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Comparison Studies Needed Before New Lasers Join the Medical Mainstream

Terra Ziporyn, PhD
JAMA. 1987;257(16):2132. doi:10.1001/jama.1987.03390160018005.
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Published online


WHAT IS the laser's future?

John Parrish, MD, professor of dermatology, Harvard Medical School, Boston, and director, Wellman Research Laboratories, is among those who are pondering that question. He observes that, until recently, physicians had to adapt laser systems originally designed for industry to meet medical needs.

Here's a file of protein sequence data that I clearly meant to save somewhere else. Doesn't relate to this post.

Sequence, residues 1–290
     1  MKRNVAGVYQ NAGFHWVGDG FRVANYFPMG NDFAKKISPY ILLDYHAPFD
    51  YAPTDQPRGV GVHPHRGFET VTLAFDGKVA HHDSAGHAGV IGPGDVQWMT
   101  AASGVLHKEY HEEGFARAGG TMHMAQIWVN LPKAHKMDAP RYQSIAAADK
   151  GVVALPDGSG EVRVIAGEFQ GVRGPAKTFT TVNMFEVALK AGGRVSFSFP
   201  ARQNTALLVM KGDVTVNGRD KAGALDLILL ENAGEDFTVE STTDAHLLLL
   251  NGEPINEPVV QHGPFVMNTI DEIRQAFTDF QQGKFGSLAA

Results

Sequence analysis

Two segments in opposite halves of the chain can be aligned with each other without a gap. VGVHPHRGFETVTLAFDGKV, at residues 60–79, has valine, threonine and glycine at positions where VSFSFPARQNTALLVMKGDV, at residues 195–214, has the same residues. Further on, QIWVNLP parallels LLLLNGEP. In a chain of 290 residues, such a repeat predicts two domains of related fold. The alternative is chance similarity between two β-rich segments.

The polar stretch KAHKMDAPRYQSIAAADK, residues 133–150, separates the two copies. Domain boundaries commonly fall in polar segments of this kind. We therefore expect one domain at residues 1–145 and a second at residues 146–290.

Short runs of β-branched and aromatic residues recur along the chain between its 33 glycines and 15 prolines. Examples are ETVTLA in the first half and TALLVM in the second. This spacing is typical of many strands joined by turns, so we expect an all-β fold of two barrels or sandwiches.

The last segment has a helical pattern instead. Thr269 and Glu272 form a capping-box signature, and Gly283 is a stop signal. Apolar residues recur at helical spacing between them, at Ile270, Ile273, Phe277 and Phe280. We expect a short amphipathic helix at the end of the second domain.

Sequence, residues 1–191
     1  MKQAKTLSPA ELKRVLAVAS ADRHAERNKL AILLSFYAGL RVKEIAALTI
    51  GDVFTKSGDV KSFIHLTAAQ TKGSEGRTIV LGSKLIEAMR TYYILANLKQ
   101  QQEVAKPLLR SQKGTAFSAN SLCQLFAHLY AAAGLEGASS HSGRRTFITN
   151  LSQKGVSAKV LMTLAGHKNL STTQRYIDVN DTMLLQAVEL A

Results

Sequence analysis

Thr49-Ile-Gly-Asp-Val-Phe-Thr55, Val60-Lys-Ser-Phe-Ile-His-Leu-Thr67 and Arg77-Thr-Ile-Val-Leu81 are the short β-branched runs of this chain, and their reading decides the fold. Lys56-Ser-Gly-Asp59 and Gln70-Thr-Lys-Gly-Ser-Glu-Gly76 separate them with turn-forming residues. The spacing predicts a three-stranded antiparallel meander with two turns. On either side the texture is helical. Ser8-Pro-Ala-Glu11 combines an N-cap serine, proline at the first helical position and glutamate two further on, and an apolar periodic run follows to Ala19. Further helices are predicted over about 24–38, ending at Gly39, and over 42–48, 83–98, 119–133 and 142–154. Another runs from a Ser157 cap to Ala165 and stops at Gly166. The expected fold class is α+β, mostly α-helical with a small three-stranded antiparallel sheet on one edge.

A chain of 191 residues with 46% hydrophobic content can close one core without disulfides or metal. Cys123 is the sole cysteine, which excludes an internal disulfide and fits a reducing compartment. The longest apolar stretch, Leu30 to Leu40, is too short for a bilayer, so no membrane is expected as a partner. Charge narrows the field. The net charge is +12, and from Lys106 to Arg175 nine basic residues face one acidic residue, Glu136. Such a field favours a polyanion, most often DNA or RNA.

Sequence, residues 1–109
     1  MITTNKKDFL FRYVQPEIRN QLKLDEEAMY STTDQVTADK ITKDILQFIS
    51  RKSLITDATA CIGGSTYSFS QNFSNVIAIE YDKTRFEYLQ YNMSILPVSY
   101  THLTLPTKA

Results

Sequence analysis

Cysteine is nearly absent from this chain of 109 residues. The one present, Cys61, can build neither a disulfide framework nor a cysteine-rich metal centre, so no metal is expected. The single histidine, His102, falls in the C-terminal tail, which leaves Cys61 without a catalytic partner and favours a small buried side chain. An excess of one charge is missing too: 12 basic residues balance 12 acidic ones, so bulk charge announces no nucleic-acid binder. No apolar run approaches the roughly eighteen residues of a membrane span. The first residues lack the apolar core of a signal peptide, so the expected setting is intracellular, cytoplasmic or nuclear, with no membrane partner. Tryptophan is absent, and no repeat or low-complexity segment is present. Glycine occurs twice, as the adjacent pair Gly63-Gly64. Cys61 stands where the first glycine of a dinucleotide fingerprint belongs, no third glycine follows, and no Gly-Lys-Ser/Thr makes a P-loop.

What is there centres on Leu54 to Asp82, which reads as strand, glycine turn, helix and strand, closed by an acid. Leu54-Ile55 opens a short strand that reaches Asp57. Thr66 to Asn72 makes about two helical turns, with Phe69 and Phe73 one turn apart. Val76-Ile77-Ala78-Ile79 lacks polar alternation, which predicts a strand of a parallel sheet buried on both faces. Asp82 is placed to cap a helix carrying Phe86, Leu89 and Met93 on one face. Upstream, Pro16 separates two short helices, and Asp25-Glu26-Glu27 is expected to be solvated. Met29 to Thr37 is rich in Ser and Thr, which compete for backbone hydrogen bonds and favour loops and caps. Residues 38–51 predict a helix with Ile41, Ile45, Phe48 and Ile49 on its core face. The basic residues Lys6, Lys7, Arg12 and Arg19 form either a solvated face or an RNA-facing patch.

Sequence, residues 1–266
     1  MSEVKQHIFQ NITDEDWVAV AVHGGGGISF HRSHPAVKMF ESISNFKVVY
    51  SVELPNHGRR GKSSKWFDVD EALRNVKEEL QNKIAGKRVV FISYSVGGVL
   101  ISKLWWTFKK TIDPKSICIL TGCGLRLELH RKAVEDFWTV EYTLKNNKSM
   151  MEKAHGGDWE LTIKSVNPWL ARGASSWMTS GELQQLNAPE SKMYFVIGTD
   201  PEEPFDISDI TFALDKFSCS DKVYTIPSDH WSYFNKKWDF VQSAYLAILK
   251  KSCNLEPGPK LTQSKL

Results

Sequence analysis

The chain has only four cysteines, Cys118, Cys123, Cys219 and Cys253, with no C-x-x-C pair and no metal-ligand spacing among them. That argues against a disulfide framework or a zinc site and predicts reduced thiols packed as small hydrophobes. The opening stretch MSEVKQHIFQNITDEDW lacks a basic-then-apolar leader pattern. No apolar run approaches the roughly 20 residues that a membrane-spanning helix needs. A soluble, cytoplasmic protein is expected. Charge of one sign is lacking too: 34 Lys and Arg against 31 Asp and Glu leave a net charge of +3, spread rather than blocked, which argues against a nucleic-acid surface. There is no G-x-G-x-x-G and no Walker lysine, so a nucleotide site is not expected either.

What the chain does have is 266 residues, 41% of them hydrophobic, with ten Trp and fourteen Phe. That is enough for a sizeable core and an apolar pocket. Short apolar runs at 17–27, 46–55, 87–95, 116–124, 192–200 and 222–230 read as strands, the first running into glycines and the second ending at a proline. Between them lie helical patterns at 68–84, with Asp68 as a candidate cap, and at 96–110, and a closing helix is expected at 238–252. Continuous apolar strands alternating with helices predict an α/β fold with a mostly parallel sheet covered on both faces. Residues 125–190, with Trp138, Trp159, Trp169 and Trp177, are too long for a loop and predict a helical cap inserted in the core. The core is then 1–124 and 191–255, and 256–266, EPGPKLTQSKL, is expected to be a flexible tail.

Now, he says, increased knowledge of laser-tissue interactions is making possible laser technology to meet specific medical applications. Myron L. Wolbarsht, PhD, Duke University Medical Center, Durham, NC, adds that now surgeons can hope to optimize the laser's effects by specifying wavelength, pulse duration, peak power, and beam characteristics.

"We will see in the future," he predicts, "that a surgeon will have a choice of a laser that is tailored to a specific purpose or the use of a combination of lasers that can be changed in the course of the operation as the need for ablation, coagulation, or tissue bonding arises."


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